Basically if the house isn’t designed to have the first floor completely washed away (i.e. on stilts) don’t expect it to be there any more. (and even if it is on stilts those need to contend with the debris in the water… and even if the foundation of the house remains intact there is still the 140 mph winds to contend with, and the debris in the air because of those winds…)

      • I want one of those gray dots that guy was standing on.

        It seems impervious to flooding.

        • jon

          Unfortunately the weather channel is only willing to share video of their advanced weather safety technology…

          Someday maybe we can all have a disk that is impervious to natural disasters…. until we have some solutions we can look into to lessen the impact of these storms…


        • boB from WA

          I was thinking of Moses parting the Red Sea

        • John O.

          It would also be handy in a snowstorm.

          • I wonder if it works in a snowstorm?


          • John O.

            Of course, you don’t need one for Jim Cantore.

  • kevins

    Then there is the cost of refurbishing the beaches so they are all pretty, only to have them wash away on an annual basis…lots of $ washed away also.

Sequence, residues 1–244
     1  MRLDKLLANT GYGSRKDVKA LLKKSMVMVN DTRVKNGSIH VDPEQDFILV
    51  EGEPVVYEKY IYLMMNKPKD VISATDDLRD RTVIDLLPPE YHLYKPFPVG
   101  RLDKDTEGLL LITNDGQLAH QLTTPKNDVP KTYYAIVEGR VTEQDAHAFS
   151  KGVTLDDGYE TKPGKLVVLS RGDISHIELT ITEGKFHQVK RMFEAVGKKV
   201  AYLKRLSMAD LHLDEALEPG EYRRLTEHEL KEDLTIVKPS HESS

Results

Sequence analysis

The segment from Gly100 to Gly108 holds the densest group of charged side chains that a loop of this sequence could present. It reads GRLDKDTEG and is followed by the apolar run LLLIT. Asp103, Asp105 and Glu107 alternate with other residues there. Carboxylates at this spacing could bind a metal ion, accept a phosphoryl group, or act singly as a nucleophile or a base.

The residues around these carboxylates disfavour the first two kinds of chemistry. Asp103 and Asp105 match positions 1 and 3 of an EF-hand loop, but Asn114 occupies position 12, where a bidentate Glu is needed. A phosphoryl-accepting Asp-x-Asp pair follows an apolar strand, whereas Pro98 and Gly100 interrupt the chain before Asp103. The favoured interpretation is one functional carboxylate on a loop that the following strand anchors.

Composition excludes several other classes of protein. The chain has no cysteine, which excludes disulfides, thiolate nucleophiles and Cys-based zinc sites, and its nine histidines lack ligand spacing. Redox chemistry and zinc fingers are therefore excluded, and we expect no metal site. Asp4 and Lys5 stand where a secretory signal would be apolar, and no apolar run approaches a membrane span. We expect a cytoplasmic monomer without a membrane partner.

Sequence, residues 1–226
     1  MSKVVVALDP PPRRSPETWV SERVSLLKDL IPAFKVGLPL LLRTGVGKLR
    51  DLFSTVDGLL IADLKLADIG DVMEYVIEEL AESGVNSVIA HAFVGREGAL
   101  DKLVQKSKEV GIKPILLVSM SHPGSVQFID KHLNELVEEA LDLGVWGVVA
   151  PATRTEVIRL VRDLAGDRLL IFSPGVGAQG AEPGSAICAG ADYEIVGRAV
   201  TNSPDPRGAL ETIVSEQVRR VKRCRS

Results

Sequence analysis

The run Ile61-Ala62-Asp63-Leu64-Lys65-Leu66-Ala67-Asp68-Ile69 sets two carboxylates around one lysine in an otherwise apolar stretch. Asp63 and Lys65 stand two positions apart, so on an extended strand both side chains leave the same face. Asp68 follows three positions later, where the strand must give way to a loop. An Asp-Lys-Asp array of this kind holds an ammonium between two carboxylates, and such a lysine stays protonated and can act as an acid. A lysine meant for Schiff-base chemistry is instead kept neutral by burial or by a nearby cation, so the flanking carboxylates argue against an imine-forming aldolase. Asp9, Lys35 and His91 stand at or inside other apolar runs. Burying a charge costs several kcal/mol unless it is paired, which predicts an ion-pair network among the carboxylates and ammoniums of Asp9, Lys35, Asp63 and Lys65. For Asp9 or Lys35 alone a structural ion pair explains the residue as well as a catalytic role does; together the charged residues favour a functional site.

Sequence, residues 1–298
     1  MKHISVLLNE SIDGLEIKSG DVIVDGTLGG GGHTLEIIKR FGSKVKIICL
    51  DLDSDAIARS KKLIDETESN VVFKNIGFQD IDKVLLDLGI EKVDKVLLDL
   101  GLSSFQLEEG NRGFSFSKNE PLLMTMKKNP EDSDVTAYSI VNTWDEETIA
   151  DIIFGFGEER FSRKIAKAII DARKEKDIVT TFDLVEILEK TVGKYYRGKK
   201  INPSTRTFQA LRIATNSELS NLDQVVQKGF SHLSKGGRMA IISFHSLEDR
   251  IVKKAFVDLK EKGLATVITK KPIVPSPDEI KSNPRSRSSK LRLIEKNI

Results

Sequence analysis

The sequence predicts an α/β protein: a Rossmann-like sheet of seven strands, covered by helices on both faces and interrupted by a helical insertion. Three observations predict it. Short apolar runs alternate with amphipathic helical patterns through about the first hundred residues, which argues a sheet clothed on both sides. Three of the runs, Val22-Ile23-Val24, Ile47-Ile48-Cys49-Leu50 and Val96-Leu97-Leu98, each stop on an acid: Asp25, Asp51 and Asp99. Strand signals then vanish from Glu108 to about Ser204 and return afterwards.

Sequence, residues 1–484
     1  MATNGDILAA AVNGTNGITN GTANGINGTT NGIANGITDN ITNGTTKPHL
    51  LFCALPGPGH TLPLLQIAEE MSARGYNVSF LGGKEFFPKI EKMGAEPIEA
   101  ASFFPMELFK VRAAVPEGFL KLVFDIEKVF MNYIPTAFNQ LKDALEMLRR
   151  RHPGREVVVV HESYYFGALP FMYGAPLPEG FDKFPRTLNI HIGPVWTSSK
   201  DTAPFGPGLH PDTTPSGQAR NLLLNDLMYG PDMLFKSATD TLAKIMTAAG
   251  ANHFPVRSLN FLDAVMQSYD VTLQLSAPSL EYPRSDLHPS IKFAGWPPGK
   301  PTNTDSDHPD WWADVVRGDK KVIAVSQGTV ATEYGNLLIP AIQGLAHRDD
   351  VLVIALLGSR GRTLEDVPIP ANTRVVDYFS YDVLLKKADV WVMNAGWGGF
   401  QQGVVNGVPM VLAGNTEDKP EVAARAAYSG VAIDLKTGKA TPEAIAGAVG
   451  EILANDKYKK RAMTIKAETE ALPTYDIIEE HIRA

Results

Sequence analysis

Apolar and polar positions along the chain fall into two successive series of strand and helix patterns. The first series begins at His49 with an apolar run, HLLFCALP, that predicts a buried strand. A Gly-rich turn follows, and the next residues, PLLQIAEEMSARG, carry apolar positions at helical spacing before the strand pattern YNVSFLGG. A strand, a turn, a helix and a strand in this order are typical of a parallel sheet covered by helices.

• I’ll forever be conflicted when a storm heads for the New England coast.


    • Al

      Sometimes, this is what I lament the most as a millennial (caveat: We have a home, we have food, we have steady jobs: We have it A LOT better than many, many people). I wish I could just set my kids loose on the oceanfront with them home by dinner. It’s so far beyond what I can fathom as possible, for any number of reasons.

  • AL287

    My oldest brother watched the 20 foot storm surge of Katrina completely engulf his house from the hotel where they usually sheltered during hurricane season in Ocean Springs, Mississippi.

    He lived two miles from the beach. They never rebuilt and have just put their 1/2 acre lot on the market. The hike to the coast every month from Louisiana to keep the weeds under control was no longer worth it.

    Someone will buy it be sure of it, likely because they don’t think it will happen to them.